afaqs!

Mumbai Mirror Thanks The Baddies

By Devesh Gupta , afaqs!, New Delhi | In Advertising | November 04, 2014
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The English daily's new campaign thanks the 'unwanted' elements of society for hating the publication for its fearless journalism.

'I am Mumbai' went the chant when BCCL's English daily 'Mumbai Mirror' kicked off a campaign in 2011. The film showed real life stories of people protesting about issues on the streets of Mumbai and how the publication took their voice to the people.

I am Mumbai campaign (new one)

I am Mumbai campaign (old one)

Three years on, the brand has again launched a campaign with the same brand positioning but this time the stories are of people that society has labelled as unwanted elements or, more commonly, anti-social elements. Designed by Taproot, the film showcases four situations where these unwanted elements are brought to justice because of fearless reporting by the newspaper.

The first situation is of local street thugs who indulge in molestation, eve teasing and cat calling; the second one showcases a doctor whose organ-selling racket is busted by the newspaper; the third is of a lady whose prostitution racket is exposed and the last one is of a building contractor who gets penalized for a job not done well.

In each of the situations, the affected people defend themselves by saying that it is absolutely normal to do what they were doing and blame the Mumbai Mirror's reporters for their losses. The film ends by the protagonists saying that 'I am not Mumbai'. The film ends with shots of the paper burning and captions that say, 'Hated by Some. Every Morning. Thankfully.'

Reverse logic

The insight behind the campaign is that, in India, the criminals and the corrupt do what they want to do with impunity and get away with it too. However, the average citizen is impatient to bring an end to this. The film showcases these bad elements in society being finally brought to book, thanks to the Mumbai Mirror.

Rahul Kansal

Speaking about the campaign, Rahul Kansal, executive director, BCCL, says, "This film is actually saying the same thing as the first film, fundamentally. However, it has inverted the prism through which the story is being told. The last time around, we showed it from the point of view of the citizen, who had been hurt by the system and was fighting back. Now we are showing it from the point of the 'baddies', who are running scared. The brief to Taproot was to continue to portray Mumbai Mirror as a fearless voice of the common citizen of Mumbai."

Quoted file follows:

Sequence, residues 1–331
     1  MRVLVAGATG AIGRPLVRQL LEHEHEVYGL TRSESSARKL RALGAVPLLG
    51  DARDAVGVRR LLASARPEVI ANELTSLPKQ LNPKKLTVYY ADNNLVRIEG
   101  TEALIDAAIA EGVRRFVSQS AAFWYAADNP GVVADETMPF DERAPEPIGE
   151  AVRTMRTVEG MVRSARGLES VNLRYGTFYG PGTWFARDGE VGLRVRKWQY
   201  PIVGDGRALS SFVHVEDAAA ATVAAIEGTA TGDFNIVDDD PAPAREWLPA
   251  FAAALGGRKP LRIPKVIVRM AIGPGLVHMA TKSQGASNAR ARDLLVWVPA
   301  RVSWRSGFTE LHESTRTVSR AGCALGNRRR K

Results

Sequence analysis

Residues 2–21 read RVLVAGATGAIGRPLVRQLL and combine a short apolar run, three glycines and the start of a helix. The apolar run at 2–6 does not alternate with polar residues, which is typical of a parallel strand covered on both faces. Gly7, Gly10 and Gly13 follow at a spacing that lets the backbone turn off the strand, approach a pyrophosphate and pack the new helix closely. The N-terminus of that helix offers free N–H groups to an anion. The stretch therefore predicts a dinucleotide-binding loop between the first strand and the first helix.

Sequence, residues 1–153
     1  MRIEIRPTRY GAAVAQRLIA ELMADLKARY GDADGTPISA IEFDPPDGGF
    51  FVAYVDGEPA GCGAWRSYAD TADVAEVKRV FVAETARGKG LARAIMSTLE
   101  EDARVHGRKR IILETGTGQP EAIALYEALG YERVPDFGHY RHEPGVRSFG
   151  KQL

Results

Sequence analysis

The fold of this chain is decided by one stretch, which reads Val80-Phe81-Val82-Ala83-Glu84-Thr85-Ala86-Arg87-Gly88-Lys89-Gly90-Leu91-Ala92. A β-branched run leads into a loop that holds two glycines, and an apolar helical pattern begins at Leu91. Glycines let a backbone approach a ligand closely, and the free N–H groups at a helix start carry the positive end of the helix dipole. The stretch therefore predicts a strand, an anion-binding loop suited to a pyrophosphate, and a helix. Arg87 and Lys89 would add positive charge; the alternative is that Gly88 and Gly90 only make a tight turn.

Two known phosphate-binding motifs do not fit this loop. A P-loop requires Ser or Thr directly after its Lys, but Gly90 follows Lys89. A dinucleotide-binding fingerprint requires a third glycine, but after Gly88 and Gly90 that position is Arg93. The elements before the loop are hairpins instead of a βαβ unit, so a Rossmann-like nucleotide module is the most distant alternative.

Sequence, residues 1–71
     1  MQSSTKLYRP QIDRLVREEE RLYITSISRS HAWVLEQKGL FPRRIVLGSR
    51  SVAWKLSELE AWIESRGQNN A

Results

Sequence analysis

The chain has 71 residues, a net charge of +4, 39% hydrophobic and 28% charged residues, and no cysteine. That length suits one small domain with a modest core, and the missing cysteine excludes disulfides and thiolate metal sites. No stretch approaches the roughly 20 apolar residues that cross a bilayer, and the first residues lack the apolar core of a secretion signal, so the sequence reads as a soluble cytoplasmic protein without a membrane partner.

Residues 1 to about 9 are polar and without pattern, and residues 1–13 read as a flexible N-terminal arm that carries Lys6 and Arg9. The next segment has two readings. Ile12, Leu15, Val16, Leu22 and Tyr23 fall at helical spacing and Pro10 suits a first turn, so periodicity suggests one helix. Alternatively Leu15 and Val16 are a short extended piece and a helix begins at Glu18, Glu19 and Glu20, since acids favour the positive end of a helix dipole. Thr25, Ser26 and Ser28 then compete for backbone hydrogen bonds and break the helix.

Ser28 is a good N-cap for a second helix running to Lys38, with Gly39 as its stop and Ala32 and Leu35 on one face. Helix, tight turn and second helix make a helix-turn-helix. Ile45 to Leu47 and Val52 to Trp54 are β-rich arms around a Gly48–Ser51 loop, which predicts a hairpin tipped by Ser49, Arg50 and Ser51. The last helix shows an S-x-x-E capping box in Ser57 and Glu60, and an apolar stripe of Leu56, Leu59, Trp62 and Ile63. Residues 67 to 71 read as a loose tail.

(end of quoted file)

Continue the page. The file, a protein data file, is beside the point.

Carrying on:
The campaign video, which is on YouTube, is also being promoted via social media handles of Mumbai Mirror and other verticals. It will be shown in theatres such as PVR, Inox, Fun and Big Cinemas as well as on television networks such as the Times Group channels, Aajtak, ABP News and UTV Movies.

Industry speak

Chraneeta Mann

Aditya Jaishankar

Aditya Jaishankar, Percept/H's national planning head, says, "I think this a unique way of creating love for the brand by bringing alive what those who hate the brand feel about it. It is one-of-a-kind where hatred is a sign of how popular the brand is. It will enjoy high recall value. Each of the dialogues in the ad strikes you with its gravitas."

Chraneeta Mann, national creative director, regional, Rediffusion Y&R, says, "The film is a dramatic shift from highlighting the truth-seekers of Mumbai to using the voice of the fairly pronounced underbelly of the city to drive the point home."

Jaishankar says that the positioning - rather the overall thought - could be "hated by wrong doers". "This positioning is important because a newspaper that stands up for what is right will always have a few haters. In fact, hatred is a sign of Mumbai Mirror never falling back in its pursuit of eliminating the ills of our society. It indicates that the brand stands up for welfare of Mumbaikars and does not tolerate any injustice. Full marks to the ad, but it could have been shorter," he adds.

Mann adds that everything - from the cinematic grittiness of the film to the cast and the music - contributes towards making a film that's dark enough to make you stand up and take notice. "What's interesting is that the film does not talk of the discerning reader, or the brave whistleblower, or the journalist going beyond the line of duty, but brings out the impact by focusing on those who have reason to fear the truth. It is a powerful reinvention of the same message though," adds Mann.

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